and title indexes are also provided. While online catalogues and
databases are probably easier to use and perhaps more comprehensive than
this bibliography, the annotations and Sakihara’s essay are still extremely
Ryukyuan Relations with Korea and South Seas Countries: An Annotated Translation of Documents in the Rekidai Hôan. Trans. Atsushi Kobata and Mitsugu Matsuda. Kyoto: Atsushi Kobata, 1969.
According to Shunzo Sakamaki’s bibliography, the Rekidai Hôan is a compilation of documents related to the foreign relations of the Ryukyu kingdom. The First Compilation of such documents was completed in 1698 and contained 43 volumes covering the period from 1424 to 1696 and dealing with Ryukyuan relations with China, Korea, and 8 other Southeast Asian countries. Another 6 volumes written about Ryukyu by Chinese envoys traveling to the kingdom were also included in this First Compilation. Two later compilations followed resulting in a 200-volume Second Compilation (with a 2 volume table of contents) for the years 1697-1858 and a 13-volume Third Compilation covering the period from 1859 to 1867.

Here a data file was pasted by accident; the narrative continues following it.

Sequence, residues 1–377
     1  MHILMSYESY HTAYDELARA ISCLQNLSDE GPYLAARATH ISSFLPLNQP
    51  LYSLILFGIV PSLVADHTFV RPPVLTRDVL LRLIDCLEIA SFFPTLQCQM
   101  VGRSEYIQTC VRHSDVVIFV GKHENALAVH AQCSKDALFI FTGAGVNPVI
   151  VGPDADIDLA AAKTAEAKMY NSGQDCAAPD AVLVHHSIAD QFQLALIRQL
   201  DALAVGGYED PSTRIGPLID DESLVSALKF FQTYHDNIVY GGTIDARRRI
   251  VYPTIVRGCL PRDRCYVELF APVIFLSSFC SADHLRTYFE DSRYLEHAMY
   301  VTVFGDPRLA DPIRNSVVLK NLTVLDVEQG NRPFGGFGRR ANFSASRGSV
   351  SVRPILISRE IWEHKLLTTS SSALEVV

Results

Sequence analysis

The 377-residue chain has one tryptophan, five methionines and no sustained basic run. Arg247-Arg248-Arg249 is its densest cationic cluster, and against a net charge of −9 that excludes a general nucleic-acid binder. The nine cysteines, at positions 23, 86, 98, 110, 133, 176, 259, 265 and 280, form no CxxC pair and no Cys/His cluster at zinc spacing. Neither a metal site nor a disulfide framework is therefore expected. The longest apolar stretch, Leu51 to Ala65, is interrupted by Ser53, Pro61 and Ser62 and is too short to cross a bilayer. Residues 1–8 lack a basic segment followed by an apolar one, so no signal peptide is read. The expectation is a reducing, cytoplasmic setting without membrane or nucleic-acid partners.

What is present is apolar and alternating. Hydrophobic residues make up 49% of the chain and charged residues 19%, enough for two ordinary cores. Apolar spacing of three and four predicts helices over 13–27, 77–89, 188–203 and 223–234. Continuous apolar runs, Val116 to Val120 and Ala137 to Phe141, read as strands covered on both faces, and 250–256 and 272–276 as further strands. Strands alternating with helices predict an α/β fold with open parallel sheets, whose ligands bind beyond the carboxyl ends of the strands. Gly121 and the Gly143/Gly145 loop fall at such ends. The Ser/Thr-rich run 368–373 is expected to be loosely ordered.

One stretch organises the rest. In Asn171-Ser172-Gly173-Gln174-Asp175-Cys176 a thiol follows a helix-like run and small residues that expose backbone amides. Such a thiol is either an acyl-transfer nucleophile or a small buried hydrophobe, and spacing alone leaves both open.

The Kobata and Matsuda work available in Starr Library is an annotated translation of 127 documents from the Rekidai Hôan’s First Compilation. All of the translated documents deal with Ryukyuan relations with Korea and eight other Southeast Asian countries from 1425-1638 and are taken from volumes 39-42 and much of volume 43 Photographs of the original texts, all written in Chinese, are included as an appendix. This work also includes a bibliography of Ryukyuan, Japanese, Chinese, Korean, Arab, and Western materials. A glossary is also provided and contains kanji and dates for Ryukyuan, Chinese, and Korean rulers, as well as the kanji for several Ryukyuan, Chinese, Japanese, and Korean personal names, place names, gifts, weights and measures, and government offices.